The aim of this project was to create a drawing machine. The images created by it had to be abstract, clean and simple so they could be interpreted into some design elements, used as inspiration sources, or became the starting point of a brainstorming session.
I came up with a design that works similar to a barrel organ, but produces images instead of music. Its operation principle is simple. At the core of the machine are two plaster discs. Each disc affects the movement of the pen in one axis. To get machine to draw you have to chip a few pieces off the discs and then rotate the top handle. The more pieces you chip off, the more sophisticated the drawing becomes.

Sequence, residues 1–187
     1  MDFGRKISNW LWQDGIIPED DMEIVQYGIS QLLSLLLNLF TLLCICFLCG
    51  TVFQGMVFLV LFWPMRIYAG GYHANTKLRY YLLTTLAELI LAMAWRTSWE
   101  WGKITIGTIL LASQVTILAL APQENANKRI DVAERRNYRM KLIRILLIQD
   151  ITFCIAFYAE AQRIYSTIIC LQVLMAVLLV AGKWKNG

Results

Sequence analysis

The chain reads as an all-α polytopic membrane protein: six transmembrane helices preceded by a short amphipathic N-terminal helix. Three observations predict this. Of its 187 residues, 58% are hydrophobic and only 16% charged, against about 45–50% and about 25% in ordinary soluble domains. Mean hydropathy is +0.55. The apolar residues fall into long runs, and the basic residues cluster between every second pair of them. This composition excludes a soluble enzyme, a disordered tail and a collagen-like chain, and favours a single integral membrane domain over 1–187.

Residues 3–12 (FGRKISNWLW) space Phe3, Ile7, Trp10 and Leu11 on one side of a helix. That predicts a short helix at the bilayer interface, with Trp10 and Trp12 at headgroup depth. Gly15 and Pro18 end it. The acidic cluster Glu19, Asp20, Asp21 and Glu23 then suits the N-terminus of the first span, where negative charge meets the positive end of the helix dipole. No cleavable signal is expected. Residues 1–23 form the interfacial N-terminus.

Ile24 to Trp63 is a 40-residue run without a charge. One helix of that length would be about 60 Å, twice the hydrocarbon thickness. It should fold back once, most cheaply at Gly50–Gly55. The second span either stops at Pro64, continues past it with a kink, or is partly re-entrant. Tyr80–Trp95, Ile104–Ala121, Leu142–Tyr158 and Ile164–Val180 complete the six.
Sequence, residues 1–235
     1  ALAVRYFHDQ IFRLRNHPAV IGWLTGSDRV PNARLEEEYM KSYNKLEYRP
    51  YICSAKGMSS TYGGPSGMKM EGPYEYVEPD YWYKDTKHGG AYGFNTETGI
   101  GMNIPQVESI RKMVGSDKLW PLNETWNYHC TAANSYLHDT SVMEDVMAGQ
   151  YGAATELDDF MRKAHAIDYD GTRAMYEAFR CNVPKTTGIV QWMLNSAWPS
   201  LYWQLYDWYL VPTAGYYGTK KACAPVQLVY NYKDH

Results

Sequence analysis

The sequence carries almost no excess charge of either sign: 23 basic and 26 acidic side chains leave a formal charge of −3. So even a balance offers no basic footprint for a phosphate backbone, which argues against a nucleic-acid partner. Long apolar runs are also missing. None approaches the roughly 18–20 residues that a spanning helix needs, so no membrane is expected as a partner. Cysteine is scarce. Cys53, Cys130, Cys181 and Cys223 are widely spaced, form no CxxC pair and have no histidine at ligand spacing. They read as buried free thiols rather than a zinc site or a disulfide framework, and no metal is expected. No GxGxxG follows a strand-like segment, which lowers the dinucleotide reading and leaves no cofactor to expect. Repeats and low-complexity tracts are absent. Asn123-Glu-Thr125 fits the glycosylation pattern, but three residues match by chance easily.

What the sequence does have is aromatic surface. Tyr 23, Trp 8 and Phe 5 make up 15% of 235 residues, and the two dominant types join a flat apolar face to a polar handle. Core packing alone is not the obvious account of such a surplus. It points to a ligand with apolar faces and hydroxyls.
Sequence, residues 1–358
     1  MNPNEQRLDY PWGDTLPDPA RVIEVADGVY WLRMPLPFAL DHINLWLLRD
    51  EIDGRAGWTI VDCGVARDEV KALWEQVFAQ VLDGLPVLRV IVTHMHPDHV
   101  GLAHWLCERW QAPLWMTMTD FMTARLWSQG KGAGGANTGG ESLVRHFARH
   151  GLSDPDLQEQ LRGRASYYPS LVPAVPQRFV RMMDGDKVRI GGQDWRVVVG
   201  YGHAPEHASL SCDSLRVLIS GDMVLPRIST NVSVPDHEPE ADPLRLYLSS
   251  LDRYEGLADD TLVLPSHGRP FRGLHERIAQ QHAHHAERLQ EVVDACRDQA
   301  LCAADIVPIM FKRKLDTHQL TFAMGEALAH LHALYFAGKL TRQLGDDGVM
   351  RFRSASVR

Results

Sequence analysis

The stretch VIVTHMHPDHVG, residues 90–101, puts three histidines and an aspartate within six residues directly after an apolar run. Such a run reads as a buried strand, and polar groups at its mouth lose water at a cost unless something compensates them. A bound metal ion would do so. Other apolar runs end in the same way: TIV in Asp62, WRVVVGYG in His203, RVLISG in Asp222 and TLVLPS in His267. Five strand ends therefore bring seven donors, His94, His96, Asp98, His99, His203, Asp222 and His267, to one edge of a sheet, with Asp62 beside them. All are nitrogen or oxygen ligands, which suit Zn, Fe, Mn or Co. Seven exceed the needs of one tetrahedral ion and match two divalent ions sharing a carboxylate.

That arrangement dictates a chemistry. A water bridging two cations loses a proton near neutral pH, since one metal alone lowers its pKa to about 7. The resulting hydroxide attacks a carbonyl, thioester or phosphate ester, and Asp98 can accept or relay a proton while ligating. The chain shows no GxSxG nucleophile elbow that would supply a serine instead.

A wide variety of mechanisms was tested before I settled on the one presented here. The trick was to grant the user with just the right amount of control over the drawing process: Give too much control and the machine becomes just a tool for visual art; Give too little and you leave no room for user exploration. So I made a machine which relied heavily on user input, yet was still rather unpredictable. Thus it makes the user experiment with the drawing step by step by observing how every broken off plaster piece influences the overall picture.
The reason I’ve chosen to make discs out of plaster instead of some reusable material was to highlight the significance of every user input. Unlike pliable materials, plaster is not repairable, hence no changes to the drawing can be undone.